Eligibility

Ages Eligible for Study:   18 Years and older
Genders Eligible for Study:   Both
Accepts Healthy Volunteers:   No
Criteria
  • INCLUSION CRITERIA:

All participants must meet the following criteria to participate in the study.

  1. Men and women age 18 years of age and older. (Children will be excluded since there is a higher incidence of vitamin A toxicity in the pediatric population.)
  2. Diagnoses of typical RP of all genetic subtypes (simplex, autosomal dominant, autosomal recessive, and X-linked), as determined primarily by abnormally reduced ERG rod response amplitudes that are relatively more affected than cone ERG amplitudes.
  3. Mutation in the RHO1 gene as determined by genotyping.
  4. Participants in whom flicker ERG can be measured reliably (standard flicker ERG amplitude greater than 2 microV).
  5. Willingness to use contraception for the duration of the study.
  6. Understood and signed consent.

EXCLUSION CRITERIA:

Participants with the following conditions will be excluded from study.

  1. Participants with syndromic RP (i.e., Ushers syndrome).
  2. Have abnormal liver function (greater than ULN ALT, AST, Alkaline Phosphate, or Total Bilirubin).
  3. Hematocrit greater than 1.5 x ULN
  4. Have abnormal kidney function (greater than1.5 mg/dL serum creatinine).
  5. Currently or has taken greater than 15,000 IU/day vitamin A supplementation within 6 months of the first screening visit.
  6. Is pregnant or lactating (due to evidence that sugests excessive intake of vitamin A could be tertogenic in humans and affect the content of breast milk).
  7. Currently or has taken greater than 400 IU/day of vitamin E supplementation within 6 months of enrollment.
  8. Vitamin A serum level exceeding 150 microg/dL.
  Contacts and Locations
Choosing to participate in a study is an important personal decision. Talk with your doctor and family members or friends about deciding to join a study. To learn more about this study, you or your doctor may contact the study research staff using the Contacts provided below. For general information, see Learn About Clinical Studies.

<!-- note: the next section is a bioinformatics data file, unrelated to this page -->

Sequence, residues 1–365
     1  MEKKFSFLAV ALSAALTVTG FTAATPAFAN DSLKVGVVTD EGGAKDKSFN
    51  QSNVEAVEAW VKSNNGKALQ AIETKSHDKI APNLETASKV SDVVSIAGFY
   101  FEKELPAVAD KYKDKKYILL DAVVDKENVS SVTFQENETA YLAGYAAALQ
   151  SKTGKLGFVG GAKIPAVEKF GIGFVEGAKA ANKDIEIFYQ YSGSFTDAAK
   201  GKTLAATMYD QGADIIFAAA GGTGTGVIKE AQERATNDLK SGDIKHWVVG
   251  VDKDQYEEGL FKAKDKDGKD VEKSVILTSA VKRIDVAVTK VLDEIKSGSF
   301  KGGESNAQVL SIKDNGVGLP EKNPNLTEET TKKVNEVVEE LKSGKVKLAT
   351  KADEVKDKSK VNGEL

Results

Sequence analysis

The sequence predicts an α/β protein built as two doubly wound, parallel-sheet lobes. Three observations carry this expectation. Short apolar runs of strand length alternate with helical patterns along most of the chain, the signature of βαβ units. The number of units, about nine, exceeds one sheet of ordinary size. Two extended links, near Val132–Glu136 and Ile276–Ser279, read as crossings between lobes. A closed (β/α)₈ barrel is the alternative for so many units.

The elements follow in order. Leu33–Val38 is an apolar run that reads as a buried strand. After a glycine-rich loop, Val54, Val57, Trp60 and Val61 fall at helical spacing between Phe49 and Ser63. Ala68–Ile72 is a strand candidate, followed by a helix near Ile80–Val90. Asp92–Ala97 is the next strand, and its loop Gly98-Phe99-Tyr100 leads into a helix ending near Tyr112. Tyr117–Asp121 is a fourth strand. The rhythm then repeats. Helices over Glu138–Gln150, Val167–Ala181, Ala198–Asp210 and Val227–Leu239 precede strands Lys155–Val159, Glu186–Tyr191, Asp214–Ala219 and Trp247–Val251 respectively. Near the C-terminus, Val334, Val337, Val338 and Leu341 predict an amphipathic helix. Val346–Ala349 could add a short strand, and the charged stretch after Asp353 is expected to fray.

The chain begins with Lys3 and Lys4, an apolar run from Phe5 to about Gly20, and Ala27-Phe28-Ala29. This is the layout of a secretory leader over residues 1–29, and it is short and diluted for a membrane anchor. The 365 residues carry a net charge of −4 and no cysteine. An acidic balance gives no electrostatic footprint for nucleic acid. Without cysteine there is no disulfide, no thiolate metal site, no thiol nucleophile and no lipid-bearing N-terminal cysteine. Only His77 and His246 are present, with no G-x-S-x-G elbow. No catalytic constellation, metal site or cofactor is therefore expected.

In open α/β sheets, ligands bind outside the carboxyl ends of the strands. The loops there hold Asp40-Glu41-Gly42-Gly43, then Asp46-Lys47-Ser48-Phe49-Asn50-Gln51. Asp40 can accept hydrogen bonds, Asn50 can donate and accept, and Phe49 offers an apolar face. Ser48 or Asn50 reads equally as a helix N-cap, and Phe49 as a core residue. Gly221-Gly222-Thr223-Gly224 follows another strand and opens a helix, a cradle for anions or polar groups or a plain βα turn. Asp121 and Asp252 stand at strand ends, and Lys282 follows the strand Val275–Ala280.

Please refer to this study by its ClinicalTrials.gov identifier: NCT00065455

Locations
United States, Maryland
National Institutes of Health Clinical Center, 9000 Rockville Pike
Bethesda, Maryland, United States, 20892
Sponsors and Collaborators
  More Information

Publications:
ClinicalTrials.gov Identifier: NCT00065455     History of Changes
Other Study ID Numbers: 030255, 03-EI-0255
Study First Received: July 23, 2003
Last Updated: May 7, 2009
Health Authority: United States: Federal Government

Keywords provided by National Institutes of Health Clinical Center (CC):
Retinitis Pigmentosa
Vitamin A
ERG
RP

Additional relevant MeSH terms:
Retinitis Pigmentosa
Retinitis
Retinal Diseases
Eye Diseases
Eye Diseases, Hereditary
Retinal Dystrophies
Retinal Degeneration
Genetic Diseases, Inborn
Vitamin A
Vitamins
Retinol palmitate
Micronutrients
Growth Substances
Physiological Effects of Drugs
Pharmacologic Actions
Antioxidants
Molecular Mechanisms of Pharmacological Action
Protective Agents
Anticarcinogenic Agents
Antineoplastic Agents
Therapeutic Uses

ClinicalTrials.gov processed this record on July 28, 2014